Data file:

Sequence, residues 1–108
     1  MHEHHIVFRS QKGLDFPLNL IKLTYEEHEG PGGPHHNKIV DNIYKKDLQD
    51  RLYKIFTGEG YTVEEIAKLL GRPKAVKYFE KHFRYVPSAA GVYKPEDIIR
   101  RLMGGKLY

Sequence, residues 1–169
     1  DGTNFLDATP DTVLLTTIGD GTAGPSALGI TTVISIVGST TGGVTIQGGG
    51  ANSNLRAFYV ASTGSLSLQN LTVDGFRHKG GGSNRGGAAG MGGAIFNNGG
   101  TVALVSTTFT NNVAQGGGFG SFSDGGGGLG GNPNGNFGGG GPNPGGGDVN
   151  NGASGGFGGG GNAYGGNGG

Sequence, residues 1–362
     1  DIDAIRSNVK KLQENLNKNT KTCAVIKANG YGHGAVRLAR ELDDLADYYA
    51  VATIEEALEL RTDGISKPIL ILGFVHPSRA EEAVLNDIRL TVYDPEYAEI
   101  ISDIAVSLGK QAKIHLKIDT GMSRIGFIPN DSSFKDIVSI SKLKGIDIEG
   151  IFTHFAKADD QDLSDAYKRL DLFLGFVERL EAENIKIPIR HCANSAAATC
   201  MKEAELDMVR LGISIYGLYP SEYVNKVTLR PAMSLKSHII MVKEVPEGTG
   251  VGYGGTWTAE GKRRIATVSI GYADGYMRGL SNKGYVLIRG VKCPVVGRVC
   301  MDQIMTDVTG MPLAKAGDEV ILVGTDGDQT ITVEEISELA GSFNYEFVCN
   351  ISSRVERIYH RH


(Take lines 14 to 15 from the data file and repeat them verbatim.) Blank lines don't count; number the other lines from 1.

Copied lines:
   151  IFTHFAKADD QDLSDAYKRL DLFLGFVERL EAENIKIPIR HCANSAAATC
   201  MKEAELDMVR LGISIYGLYP SEYVNKVTLR PAMSLKSHII MVKEVPEGTG